|Republic of Burundi|
|Population||10,742,276 (the world fact book of CIA)|
|Languages||French (official), Kirundi (official), English (official), Swahili|
|Form of government||Republic|
|GDP (2014)||$3.094 billion; per capita: $900 (the world fact book)|
Burundi, a small landlocked east central African country, shares its borders with DRC, Rwanda and Tanzania. Burundi has experienced peace and stability since 2005, when its 12-year civil war ended. The civil war, lasting from 1993, claimed the lives of about 300,000 people and was driven by ethnic tensions between Hutus and Tutsis. In 2005, rebel groups agreed to a ceasefire following an extensive peace process.
The Government of Burundi has taken steps to demobilize the armed population and integrate both Hutus and Tutsis into the public sector. In 2007, Burundi signed a Strategic Framework for Peacebuilding based on five pillars: (1) Good governance, (2) Ceasefire with rebel groups, (3) Security, (4) Justice & human rights and (5) Land issues & community recovery.
In 2012, after the successful implementation of this first strategic framework, Burundi adopted a Strategic Framework for Growth and Fight Against Poverty (CSLP II). This framework focuses on controlling population growth, improving agricultural development, and improving development cooperation, as well as more effective public spending, expanded electricity infrastructure, and a more robust private sector. Burundi has also adopted a “2025 Vision” for development.
|President||H.E. Pierre NKURUNZIZA|
|First Vice President||H.E. Prosper BAZOMBANZA|
|Second Vice President||H.E. Gervais RUFYIKIRI|
|Minister of Finance and Economic Development Planning||H.E. Tabu Abdallah MANIRAKIZA|
|g7+ Focal Point||Mr. Cyriaque MIBURO, Economist, National Aid Coordination Committee|
New Deal Implementation
The Head of State is the President of the Republic, who is elected by popular vote for a five-year term. President Nkurunziza was appointed by parliament for his first term in 2005, and elected for a second term in 2010. The President appoints two Vice Presidents, each from a different political party and ethnic group. The First Vice President is responsible for politics and administration, and the Second Vice President is responsible for the economy and social services. Cabinet members are appointed by the president; the cabinet must consist of 60% Hutus, 40% Tutsis, and a minimum of 30% women, and must include members of different parties in proportion to their members in the National Assembly.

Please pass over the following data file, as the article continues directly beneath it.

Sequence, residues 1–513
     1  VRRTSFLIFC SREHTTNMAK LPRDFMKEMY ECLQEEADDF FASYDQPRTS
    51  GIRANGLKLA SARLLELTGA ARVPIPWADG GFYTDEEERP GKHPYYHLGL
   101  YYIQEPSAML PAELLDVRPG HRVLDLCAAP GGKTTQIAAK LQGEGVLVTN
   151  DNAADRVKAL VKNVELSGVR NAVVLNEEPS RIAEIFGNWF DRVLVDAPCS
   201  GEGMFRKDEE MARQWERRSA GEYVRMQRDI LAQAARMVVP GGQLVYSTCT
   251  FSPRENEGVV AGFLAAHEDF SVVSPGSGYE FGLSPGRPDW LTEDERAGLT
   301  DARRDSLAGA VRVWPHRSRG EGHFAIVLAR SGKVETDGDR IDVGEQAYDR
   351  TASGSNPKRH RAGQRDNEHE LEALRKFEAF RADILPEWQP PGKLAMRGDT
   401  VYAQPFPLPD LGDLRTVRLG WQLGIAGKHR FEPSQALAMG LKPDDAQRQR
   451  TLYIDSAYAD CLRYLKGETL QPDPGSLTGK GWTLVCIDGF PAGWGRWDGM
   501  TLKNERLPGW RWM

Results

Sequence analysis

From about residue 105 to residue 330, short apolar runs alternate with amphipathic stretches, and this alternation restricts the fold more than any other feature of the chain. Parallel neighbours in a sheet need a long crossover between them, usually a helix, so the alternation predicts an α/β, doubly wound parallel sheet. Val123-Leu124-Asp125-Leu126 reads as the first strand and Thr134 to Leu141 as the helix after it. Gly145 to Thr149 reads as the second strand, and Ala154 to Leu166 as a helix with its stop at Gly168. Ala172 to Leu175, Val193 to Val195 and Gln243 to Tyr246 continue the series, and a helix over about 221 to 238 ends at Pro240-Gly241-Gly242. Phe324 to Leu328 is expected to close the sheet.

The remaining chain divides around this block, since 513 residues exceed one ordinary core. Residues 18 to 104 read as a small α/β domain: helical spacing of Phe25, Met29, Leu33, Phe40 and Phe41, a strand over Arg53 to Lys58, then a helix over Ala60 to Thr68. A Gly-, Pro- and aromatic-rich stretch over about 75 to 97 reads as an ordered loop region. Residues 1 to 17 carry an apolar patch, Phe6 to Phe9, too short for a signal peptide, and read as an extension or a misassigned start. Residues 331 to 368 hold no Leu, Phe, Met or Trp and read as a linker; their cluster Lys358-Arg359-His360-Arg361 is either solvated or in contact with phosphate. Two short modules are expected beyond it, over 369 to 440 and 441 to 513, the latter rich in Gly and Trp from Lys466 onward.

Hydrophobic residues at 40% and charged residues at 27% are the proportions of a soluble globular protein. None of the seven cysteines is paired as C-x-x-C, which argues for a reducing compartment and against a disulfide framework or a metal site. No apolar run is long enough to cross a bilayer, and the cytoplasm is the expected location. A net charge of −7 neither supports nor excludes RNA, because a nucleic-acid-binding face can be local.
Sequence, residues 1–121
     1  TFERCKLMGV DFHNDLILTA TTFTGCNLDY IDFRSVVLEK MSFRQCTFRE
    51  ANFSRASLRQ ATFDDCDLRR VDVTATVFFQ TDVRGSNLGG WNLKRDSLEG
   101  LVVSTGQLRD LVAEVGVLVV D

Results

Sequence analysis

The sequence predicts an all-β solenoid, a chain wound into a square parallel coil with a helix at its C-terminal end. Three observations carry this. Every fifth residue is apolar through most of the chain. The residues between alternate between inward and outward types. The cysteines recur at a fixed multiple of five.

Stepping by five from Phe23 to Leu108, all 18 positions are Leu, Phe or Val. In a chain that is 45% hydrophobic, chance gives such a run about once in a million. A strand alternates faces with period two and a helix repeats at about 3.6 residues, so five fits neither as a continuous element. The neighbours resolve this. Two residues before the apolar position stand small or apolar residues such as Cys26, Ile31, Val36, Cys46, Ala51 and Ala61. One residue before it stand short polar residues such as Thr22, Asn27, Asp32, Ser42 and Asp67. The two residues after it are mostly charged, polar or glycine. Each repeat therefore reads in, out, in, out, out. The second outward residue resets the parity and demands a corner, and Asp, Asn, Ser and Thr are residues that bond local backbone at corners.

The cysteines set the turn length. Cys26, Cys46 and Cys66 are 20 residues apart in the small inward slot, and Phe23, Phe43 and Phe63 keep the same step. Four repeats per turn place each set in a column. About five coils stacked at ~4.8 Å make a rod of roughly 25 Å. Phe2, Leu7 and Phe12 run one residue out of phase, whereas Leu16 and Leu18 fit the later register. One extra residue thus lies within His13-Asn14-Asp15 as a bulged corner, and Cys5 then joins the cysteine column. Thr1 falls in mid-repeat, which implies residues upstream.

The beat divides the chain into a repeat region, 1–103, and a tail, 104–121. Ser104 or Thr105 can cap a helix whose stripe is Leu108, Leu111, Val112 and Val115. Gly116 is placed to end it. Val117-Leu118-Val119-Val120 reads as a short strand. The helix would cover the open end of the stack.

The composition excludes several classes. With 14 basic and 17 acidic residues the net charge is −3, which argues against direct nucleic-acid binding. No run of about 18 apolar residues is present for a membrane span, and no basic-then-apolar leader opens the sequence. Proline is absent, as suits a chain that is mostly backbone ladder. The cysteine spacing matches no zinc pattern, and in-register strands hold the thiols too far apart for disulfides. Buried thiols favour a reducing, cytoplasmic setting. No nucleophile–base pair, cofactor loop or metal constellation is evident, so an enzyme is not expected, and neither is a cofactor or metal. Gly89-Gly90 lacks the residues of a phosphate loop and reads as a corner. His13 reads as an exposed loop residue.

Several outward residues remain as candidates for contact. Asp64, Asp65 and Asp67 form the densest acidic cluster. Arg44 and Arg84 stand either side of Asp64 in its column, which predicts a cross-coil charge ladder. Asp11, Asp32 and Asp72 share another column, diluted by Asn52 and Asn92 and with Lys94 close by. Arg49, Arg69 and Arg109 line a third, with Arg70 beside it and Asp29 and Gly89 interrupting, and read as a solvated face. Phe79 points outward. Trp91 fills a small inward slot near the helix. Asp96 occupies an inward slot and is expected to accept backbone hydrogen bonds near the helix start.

The bicameral Burundi parliament includes the Senate and the National Assembly. The Senate is composed of two elected members from each of the 17 provinces, one from each ethnic group, and has a quota of 30% female members. Up to 17 additional at-large representatives may be appointed in order to meet quotas. The National Assembly is composed of 100 elected representatives and has quotas of 60% Hutu, 40% Tutsi and 30% female members; an additional 18 to 21 members are appointed to meet quotas. Elections are held every five years; the most recent parliamentary elections took place on June 29, 2015.
Local governance is managed by 116 communal councils, community-level elected governance units. The Government of Burundi is in the process of decentralizing to provide local communities with increased governance autonomy.
Burundi is densely populated, and 90 percent of its population engages in subsistence agriculture. Due to lack of inputs and lack of arable land, food security is a challenge, especially in rural areas. Life expectancy, education, and health outcomes have improved since 2005. These achievements are emblematic of Burundi’s improving human capacity, though progress in the security and justice sectors has been slow. The economy’s reliance on agriculture makes it especially vulnerable to external shocks, and the country’s limited infrastructure is an obstacle to economic diversification.
The government’s Vision 2025 offers a consensus-based vision for economic and social development built around eight pillars: (1) Good governance and capacity-building, (2) Human capital, (3) Economic growth and poverty reduction, (4) Regional integration, (5) Demographics, (6) Social cohesion, (7) Regional planning and urbanization, and (8) Partnership. National unity, increased employment and infrastructure development are highlighted as key priorities.
Burundi has targeted the energy, mining and agriculture sectors for both public and private investment in economic infrastructure and institutions. Its primary exports are tea and coffee, and the economy has benefitted from recent price increases for both goods on the global market. Exchange rates and inflation rates are relatively stable. In addition to energy, mining, and agriculture, the domestic market for telecommunications is growing.
Recent government fiscal policies designed to increase private investment have been successful, but have resulted in a short-term decline in domestic revenue. The World Bank cites Burundi’s limited fiscal base and narrow export market as key barriers to foreign direct investment. Property rights and land policy are also a constraint; demand for land is high and regulatory frameworks for land allocation are limited. Despite these challenges, progress in institutional capacity and infrastructure is ongoing. Burundi’s economic growth rate is improving, with steady increases projected through 2016 as a result of investment in energy and mining infrastructure.